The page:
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Hospital fires 23 workers in case of excessive doses, deaths


The Ohio hospital system where excessive painkiller doses were given to dozens of patients who died fired 23 nurses, pharmacists and managers Thursday and said it is changing leadership, a sign that professional fallout from the scandal has expanded far beyond the intensive care doctor accused of ordering the drugs.

The announcement by the Columbus-area Mount Carmel Health System comes five weeks after that doctor, William Husel, pleaded not guilty to murder charges in 25 of the deaths, marking one of the biggest cases of its kind against an American health care professional.

The newly fired employees include five physician, nursing and pharmacy management team members, President and CEO Ed Lamb said in a statement.

Mount Carmel said the other 18 fired were among the nurses and pharmacists who had been on administrative leave during its internal review.

One employee remains on administrative leave, and 11 are being given the chance to return to work if they complete additional training, Lamb said. Mount Carmel didn’t specify whether those employees are nurses and pharmacists who administered or approved the excessive doses.

Authorities have said the nurses and pharmacists involved aren’t being prosecuted, though dozens have been reported to their respective professional boards for review and potential disciplinary action.

Lamb also said that he is resigning this month and that Mount Carmel’s chief clinical officer is retiring in September, paving the way for new leadership that could “facilitate healing and help restore the trust of the community.”

Mount Carmel fired Husel in December and concluded he had ordered potentially fatal doses for 29 patients who died over the past few years, including five who might have received the drugs when there still was a chance of improving their conditions with treatment.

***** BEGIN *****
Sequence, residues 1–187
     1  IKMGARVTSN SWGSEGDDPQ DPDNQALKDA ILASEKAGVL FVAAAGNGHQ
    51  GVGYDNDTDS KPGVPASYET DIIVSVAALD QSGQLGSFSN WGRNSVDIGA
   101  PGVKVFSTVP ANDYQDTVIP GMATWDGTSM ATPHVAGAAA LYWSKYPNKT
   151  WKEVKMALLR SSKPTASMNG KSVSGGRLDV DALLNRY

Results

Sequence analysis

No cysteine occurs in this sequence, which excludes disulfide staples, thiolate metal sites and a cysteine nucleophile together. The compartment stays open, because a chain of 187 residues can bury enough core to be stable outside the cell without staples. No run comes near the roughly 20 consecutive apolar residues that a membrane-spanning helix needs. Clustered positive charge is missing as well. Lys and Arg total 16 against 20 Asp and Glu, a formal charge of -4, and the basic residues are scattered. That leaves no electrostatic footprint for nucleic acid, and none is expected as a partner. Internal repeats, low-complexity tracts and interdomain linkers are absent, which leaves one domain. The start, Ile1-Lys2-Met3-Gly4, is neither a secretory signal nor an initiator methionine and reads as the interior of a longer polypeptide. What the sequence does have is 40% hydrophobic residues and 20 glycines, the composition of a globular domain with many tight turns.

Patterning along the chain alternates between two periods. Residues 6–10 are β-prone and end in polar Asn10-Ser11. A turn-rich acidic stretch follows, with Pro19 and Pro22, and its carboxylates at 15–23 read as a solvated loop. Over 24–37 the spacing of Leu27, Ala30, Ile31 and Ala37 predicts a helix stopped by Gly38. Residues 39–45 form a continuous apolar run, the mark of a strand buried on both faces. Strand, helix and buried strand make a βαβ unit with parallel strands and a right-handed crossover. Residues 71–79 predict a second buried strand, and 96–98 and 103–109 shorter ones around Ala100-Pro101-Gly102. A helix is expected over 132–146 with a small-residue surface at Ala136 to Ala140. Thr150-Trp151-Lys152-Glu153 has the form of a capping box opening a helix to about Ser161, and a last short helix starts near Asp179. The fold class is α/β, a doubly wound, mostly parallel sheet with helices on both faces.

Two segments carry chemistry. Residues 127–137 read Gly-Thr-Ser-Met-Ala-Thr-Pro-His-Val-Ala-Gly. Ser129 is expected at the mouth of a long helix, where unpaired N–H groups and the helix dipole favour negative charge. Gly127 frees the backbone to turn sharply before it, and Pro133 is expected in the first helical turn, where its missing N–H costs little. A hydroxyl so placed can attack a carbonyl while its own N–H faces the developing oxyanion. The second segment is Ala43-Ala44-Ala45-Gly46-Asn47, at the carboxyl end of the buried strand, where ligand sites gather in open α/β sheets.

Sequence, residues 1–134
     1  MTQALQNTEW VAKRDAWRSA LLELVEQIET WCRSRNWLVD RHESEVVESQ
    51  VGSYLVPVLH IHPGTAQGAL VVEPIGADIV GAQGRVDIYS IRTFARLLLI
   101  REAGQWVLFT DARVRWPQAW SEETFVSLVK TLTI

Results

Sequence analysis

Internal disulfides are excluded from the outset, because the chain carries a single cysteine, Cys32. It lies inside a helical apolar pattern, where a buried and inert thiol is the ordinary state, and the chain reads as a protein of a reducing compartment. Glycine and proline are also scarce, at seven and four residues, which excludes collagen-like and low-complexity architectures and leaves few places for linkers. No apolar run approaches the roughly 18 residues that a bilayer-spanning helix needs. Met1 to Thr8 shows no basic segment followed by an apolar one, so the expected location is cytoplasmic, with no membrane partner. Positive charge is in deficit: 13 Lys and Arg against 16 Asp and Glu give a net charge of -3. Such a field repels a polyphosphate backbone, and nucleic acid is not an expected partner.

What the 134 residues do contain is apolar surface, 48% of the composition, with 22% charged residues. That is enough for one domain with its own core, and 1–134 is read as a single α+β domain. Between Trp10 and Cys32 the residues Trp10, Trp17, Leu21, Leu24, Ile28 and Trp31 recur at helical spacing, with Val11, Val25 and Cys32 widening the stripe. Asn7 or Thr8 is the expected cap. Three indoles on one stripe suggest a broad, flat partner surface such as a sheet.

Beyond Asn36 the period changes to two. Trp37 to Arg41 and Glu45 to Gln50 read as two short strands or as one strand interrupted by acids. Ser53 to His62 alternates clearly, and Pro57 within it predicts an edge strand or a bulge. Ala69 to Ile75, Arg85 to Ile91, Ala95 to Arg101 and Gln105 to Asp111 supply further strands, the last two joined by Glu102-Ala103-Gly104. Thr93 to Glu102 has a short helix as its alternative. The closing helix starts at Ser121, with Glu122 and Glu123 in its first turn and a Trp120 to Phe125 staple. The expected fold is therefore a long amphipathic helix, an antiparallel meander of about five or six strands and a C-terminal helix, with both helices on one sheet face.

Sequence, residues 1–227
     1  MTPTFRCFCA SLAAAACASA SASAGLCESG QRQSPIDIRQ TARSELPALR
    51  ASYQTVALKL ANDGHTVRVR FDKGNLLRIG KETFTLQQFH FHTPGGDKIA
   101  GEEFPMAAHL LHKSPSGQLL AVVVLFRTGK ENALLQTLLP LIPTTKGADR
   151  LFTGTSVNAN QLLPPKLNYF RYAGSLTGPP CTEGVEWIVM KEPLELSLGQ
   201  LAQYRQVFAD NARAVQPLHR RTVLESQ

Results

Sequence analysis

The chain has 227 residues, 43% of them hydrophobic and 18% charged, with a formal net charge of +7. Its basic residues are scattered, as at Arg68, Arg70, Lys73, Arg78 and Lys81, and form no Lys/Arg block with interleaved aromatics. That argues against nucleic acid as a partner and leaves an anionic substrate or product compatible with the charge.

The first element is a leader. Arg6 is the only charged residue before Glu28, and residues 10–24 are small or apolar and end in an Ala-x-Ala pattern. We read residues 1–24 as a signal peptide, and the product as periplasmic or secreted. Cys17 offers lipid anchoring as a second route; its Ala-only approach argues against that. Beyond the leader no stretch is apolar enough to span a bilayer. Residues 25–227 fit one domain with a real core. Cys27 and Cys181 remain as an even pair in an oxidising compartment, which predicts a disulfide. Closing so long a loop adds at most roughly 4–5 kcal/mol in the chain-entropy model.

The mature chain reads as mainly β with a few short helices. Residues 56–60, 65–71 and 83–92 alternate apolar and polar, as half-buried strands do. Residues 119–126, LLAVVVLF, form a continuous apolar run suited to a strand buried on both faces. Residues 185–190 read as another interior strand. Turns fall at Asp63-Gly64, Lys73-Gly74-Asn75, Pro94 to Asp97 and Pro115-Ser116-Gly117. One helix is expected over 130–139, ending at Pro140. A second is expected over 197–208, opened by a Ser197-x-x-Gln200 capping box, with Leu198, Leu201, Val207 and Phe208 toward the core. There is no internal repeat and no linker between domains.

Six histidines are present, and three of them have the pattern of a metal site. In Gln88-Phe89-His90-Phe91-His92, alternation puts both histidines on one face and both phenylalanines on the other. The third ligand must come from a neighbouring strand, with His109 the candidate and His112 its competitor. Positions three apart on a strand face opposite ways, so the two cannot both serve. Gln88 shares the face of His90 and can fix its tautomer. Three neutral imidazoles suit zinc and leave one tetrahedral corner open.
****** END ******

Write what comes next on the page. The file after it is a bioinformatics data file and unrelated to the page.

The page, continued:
The hospital system said six more patients got doses that were excessive but likely not the cause of their deaths.

His lawyer in the criminal case has said Husel was providing comfort care to dying patients, not trying to kill them.

Husel, 43, was charged with murder only in cases involving 500 to 2000 micrograms of the powerful painkiller fentanyl, amounts far larger than typical doses.

Mount Carmel has tightened its drug policies and access and publicly apologized, noting it should have expedited its investigation. It acknowledged that Husel wasn’t removed from patient care until four weeks after a concern about him was raised last fall, and that three patients died during those weeks after getting excessive doses he ordered.

The hospital system has resolved some of the related wrongful death lawsuits, reaching nearly $4.5 million in settlements so far.

“We are deeply sorry for the additional grief and frustration this has caused and are working to provide reasonable settlements with affected families,” Lamb said in the statement Thursday.

Twenty-two lawsuits remain pending.

In new filings this week, Husel’s lawyer in the civil cases again argued they should be put on hold because of the criminal case.

A court magistrate previously declined to halt the lawsuits but did block the plaintiffs’ lawyers from pursuing a sworn statement from Husel. Lawyer Gregory Foliano argues that isn’t enough to protect Husel’s right to a fair trial, in part because plaintiffs still can seek information from other Mount Carmel employees.

The hospital also wants the lawsuits put on hold and has filed objections to the magistrate’s decision.

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